Cocky combat photographer Hondo (Akira Kobayashi) - so cool he quaffs a beverage in the midst of a shootout in Vietnam - is on a dinner date with pretty air stewardess Yoriko (Chieko Matsubara) when she is suddenly abducted by a gang of go-go dancing ninja girls in black tights! The foxy femmes frame Hondo for the killing of gangster Lopez, leaving the luckless shutterbug a target for clueless cops and an international crime syndicate who want to get their greasy hands on Yoriko too. Sprung from jail by his American buddy Bill, Hondo sets out to find Yoriko and learn why everybody is after her. Meanwhile, those beautiful black tight killers keep popping up to either help or hinder him, wielding such unorthodox ninja tricks as bubblegum bullets, measuring-tape swords and vinyl record throwing discs.
Nikkatsu, Japan’s oldest film studio, ruled the Sixties with their hip, stylish pop art thrillers. Black Tight Killers, known as “Don’t Touch Me… I’m Dangerous!” in Japan, is a fine example of what they did best, before the box office crisis drove them to crank out nothing but so-called “roman porno” (romantic porn) movies from the Seventies onward. A vehicle for reigning matinee idol Akira Kobayashi (who made scores of westerns as a singing cowboy!), the film is equal parts James Bond spy spoof and MGM mod-musical. From the jazzy opening credits featuring a chorus line of hip-swivelling ninja go-go girls, action specialist Yasuharu Hasebe turns the scope screen into a riot of pop art playfulness. The exquisite art direction and eye-popping colours include an exceptional dream sequence wherein Yoriko flees her pursuers across a screen that switches from black and white to yellow to pink and blue. These are the kind of stylistic tricks Hasebe’s mentor Seijun Suzuki used in his films, albeit in a more self-conscious way, but Black Tight Killers does have a witty script to match its witty visuals.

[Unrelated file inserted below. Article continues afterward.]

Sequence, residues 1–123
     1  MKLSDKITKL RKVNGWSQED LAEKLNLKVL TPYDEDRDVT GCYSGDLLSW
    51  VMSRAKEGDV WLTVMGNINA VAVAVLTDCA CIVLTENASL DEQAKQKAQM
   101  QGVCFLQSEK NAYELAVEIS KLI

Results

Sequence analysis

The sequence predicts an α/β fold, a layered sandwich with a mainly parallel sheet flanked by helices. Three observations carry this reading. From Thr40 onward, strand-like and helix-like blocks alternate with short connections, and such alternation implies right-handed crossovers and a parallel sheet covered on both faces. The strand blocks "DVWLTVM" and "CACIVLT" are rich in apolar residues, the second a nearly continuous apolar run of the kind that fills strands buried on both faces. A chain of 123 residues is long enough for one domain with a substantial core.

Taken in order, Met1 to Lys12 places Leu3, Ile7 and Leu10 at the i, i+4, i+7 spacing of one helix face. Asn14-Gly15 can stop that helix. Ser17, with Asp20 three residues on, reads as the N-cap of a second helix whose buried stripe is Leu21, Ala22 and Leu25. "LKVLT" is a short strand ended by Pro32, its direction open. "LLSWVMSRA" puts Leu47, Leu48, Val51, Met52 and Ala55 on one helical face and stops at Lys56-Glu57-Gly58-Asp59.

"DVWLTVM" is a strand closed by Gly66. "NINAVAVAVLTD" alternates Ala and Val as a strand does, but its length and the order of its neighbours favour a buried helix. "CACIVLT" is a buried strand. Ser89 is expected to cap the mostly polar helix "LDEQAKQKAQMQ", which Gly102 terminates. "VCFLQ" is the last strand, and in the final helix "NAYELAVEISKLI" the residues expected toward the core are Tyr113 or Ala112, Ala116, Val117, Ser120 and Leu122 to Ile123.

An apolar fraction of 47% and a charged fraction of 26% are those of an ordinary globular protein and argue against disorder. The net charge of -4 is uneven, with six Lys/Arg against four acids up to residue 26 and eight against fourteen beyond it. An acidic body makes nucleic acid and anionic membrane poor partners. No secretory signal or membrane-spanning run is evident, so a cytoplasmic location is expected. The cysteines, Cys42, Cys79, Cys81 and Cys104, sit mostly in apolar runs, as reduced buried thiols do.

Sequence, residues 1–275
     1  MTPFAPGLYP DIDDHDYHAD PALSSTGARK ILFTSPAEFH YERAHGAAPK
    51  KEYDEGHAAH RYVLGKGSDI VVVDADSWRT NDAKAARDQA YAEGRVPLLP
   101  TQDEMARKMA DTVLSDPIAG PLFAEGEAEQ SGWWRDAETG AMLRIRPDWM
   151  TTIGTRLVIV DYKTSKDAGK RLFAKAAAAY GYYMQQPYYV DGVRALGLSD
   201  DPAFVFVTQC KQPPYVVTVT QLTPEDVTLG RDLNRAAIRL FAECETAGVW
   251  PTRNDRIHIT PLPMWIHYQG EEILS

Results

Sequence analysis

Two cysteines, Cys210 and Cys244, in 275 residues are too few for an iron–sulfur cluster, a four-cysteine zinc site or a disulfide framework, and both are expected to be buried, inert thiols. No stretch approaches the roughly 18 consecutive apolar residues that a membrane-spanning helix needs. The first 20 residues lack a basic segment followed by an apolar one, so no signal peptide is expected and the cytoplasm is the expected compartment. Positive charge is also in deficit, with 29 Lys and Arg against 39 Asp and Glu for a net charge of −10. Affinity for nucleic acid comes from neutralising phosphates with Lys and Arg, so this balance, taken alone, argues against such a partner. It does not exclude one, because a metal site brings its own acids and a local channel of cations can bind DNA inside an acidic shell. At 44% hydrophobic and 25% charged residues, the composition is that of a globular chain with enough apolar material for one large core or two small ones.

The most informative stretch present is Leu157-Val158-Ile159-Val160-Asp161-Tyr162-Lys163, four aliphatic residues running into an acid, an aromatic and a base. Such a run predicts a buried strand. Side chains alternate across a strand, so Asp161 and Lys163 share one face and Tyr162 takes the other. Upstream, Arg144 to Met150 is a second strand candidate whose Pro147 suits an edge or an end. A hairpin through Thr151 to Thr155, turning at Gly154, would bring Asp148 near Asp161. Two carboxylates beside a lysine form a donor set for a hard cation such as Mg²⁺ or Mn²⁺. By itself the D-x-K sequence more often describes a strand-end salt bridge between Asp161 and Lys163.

Japanese action-thrillers never needed Woody Allen to spoof them with What’s Up, Tiger Lily? (1966) since they already had a wicked sense of humour to begin with. In a brilliantly sustained running gag, each of the black tight killers dies a Wile E. Coyote style death, whereupon Hondo soliloquises a heart-rending send-off. It’s black comedy done with the lightest touch. Charismatic Akira Kobayashi makes a delightfully wry leading man. Turning traditional machismo on its head he is increasingly befuddled by every bizarre twist of the plot. It’s a splendid performance, more nuanced than his Hong Kong spy spoof counterparts, and equal parts comic and cool. Notably when golf-loving black tight vixen Akiko (Akemi Kita) hops in Hondo’s bed and nearly strangles him between her thighs during lovemaking. Further underlining the Bond parallels Hondo picks up his own arsenal of ninja gadgets from a Q-alike comic relief ninja master, while Hasebe handles the outlandish action set-pieces with aplomb. Action movies were where Hasebe’s heart lay and one can sense his resentment at having to toe the studio line in his later run of violent porno movies, e.g. Rape! (1976) and Assault! Jack the Ripper (1976).
The plot has something to do with Yoriko’s father and some hidden gold, but really boils down to a series of fiendish traps and daredevil escapes. Maybe not as substantial as the best of Seijun Suzuki but among the best of its kind Asia has to offer.